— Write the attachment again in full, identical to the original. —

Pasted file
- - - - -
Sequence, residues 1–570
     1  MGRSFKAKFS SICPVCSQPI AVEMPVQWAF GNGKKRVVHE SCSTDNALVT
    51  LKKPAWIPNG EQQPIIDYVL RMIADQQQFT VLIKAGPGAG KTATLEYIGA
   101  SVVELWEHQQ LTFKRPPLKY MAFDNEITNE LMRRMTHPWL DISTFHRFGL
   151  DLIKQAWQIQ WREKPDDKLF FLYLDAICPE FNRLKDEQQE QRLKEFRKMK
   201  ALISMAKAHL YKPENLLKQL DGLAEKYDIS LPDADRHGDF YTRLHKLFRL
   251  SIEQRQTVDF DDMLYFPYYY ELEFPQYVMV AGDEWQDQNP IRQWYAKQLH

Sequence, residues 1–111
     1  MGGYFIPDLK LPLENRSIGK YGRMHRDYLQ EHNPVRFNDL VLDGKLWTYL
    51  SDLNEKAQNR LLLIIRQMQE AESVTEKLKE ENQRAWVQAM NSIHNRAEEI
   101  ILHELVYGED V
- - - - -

Sequence, residues 1–570
     1  MGRSFKAKFS SICPVCSQPI AVEMPVQWAF GNGKKRVVHE SCSTDNALVT
    51  LKKPAWIPNG EQQPIIDYVL RMIADQQQFT VLIKAGPGAG KTATLEYIGA
   101  SVVELWEHQQ LTFKRPPLKY MAFDNEITNE LMRRMTHPWL DISTFHRFGL
   151  DLIKQAWQIQ WREKPDDKLF FLYLDAICPE FNRLKDEQQE QRLKEFRKMK
   201  ALISMAKAHL YKPENLLKQL DGLAEKYDIS LPDADRHGDF YTRLHKLFRL
   251  SIEQRQTVDF DDMLYFPYYY ELEFPQYVMV AGDEWQDQNP IRQWYAKQLH

Sequence, residues 1–111
     1  MGGYFIPDLK LPLENRSIGK YGRMHRDYLQ EHNPVRFNDL VLDGKLWTYL
    51  SDLNEKAQNR LLLIIRQMQE AESVTEKLKE ENQRAWVQAM NSIHNRAEEI
   101  ILHELVYGED V